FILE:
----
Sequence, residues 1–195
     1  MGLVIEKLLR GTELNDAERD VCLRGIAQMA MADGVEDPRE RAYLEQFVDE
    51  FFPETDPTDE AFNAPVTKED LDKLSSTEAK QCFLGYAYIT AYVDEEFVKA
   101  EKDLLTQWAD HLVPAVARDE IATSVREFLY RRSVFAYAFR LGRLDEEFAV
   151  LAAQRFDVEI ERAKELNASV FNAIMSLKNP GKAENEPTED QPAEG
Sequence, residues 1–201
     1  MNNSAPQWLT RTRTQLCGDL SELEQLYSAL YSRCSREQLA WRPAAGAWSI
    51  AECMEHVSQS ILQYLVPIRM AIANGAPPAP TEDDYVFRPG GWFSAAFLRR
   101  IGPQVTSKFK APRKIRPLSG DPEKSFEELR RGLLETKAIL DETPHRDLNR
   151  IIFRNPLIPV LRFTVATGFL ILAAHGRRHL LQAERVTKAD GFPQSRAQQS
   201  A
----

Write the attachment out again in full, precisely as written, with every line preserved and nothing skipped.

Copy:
Sequence, residues 1–195
     1  MGLVIEKLLR GTELNDAERD VCLRGIAQMA MADGVEDPRE RAYLEQFVDE
    51  FFPETDPTDE AFNAPVTKED LDKLSSTEAK QCFLGYAYIT AYVDEEFVKA
   101  EKDLLTQWAD HLVPAVARDE IATSVREFLY RRSVFAYAFR LGRLDEEFAV
   151  LAAQRFDVEI ERAKELNASV FNAIMSLKNP GKAENEPTED QPAEG
Sequence, residues 1–201
     1  MNNSAPQWLT RTRTQLCGDL SELEQLYSAL YSRCSREQLA WRPAAGAWSI
    51  AECMEHVSQS ILQYLVPIRM AIANGAPPAP TEDDYVFRPG GWFSAAFLRR
   101  IGPQVTSKFK APRKIRPLSG DPEKSFEELR RGLLETKAIL DETPHRDLNR
   151  IIFRNPLIPV LRFTVATGFL ILAAHGRRHL LQAERVTKAD GFPQSRAQQS
   201  A